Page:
As shown in FIG. 11A, the twenty-seventh and twenty-eighth dielectric layers 127 and 128 each have a plurality of through holes.  The through holes of the dielectric layers 127 and 128 are in the same layout.


Capacitor conductor layers 222 and 223 are formed on the top surface of the twenty-ninth dielectric layer 129 shown in FIG. 11B.  The open end L24a of the resonator L24 is connected to the conductor layer 222 via a plurality of through holes
formed in the dielectric layers 125 to 128.  The open end L26a of the resonator L26 is connected to the conductor layer 223 via a plurality of through holes formed in the dielectric layers 125 to 128.  The dielectric layer 129 has two through holes that
are connected to the conductor layers 222 and 223, respectively, and a plurality of other through holes.


Capacitor conductor layers 224 and 225 are formed on the top surface of the thirtieth dielectric layer 130 shown in FIG. 11C.  The open end L25a of the resonator L25 is connected to the conductor layer 225 via a plurality of through holes formed
in the dielectric layers 125 to 129.  The dielectric layer 130 has a through hole connected to the conductor layer 225, and a plurality of other through holes.


Capacitor conductor layers 226, 227 and 228 are formed on the top surface of the thirty-first dielectric layer 131 shown in FIG. 12A.  The open end L24a of the resonator L24 and the conductor layer 222 are connected to the conductor layer 226 via
a plurality of through holes formed in the dielectric layers 125 to 130.  The open end L25a of the resonator L25 and the conductor layer 225 are connected to the conductor layer 227 via a plurality of through holes formed in the dielectric layers 125 to
130.  The open end L26a of the resonator L26 and the conductor layer 223 are connected to the conductor layer 228 via a plurality of through holes formed in the dielectric layers 125 to 130.  The dielectric layer 131 also has a plurality of through
holes.


A ground layer 903 made of a conductor layer is formed on the top surface of the thirty-second dielectric layer 132 shown in FIG. 12B.  The ground layer 903 is connected to the terminals G1 to G11.  The ground layer 902, the short-circuited ends
L24b, L25b and L26b of the resonators L24, L25 and L26, and the conductor layer 221 are connected to the conductor layer 903 via a plurality of through holes formed in the dielectric layers 117 to 131.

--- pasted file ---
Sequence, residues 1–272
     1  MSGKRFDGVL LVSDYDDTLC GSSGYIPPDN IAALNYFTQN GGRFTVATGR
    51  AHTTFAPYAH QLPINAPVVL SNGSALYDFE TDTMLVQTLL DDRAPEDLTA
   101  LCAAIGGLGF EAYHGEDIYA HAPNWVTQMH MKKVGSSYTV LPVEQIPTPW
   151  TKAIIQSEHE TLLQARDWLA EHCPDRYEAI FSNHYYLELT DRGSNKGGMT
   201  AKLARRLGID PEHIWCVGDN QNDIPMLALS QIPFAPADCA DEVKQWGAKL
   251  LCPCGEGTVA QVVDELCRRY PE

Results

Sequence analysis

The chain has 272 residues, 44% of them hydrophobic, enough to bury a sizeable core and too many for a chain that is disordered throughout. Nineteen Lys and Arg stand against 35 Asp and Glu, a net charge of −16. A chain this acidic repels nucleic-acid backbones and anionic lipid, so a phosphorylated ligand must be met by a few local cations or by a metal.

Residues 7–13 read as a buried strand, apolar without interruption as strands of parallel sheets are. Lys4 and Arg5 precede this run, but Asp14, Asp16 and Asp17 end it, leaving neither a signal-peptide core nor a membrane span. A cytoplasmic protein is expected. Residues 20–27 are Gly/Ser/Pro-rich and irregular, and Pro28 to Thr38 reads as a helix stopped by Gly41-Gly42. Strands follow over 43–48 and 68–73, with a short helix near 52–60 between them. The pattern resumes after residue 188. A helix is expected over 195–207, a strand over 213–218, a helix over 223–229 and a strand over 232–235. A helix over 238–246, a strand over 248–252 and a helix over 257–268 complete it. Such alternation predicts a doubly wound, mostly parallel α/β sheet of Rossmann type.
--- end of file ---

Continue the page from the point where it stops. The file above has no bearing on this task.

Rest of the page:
As shown in FIG. 12C, conductor layers to constitute the terminals ANT, Rx21, Rx22, Rx31, Rx32, Rx51, Rx52, and G1 to G11 are formed on the bottom surface of the dielectric layer 132, i.e., on the bottom surface 10B of the layered substrate 10.


The dielectric layers 101 to 132 and the plurality of conductor layers shown in FIG. 3A to FIG. 12C are stacked into a laminate, and the portions of the plurality of terminals shown in FIG. 2 to be arranged on the side surfaces 10C, 10D, 10E and
10F are formed on the laminate, whereby the layered substrate 10 shown in FIG. 2 is formed.


The dielectric layers 101 to 132 may be made of various types of materials including resins, ceramics, and composite materials of these.  In particular, for a better high frequency characteristic, the layered substrate 10 is preferably such one
that the dielectric layers 101 to 132 are formed of ceramic by a low-temperature co-firing method.


The filter 20 shown in FIG. 1 is composed of the resonators L21, L22, L23, L24, L25 and L26, the conductor layers 207, 208, 211 to 219 and 221 to 228, the ground layers 902 and 903, the dielectric layers 117 to 131, and a plurality of through
holes formed in the dielectric layers 117 to 131.


The conductor layer 211, the ground layer 902, and the dielectric layer 117 interposed therebetween constitute the capacitor C21.  The conductor layer 212, the ground layer 902, and the dielectric layer 117 interposed therebetween constitute the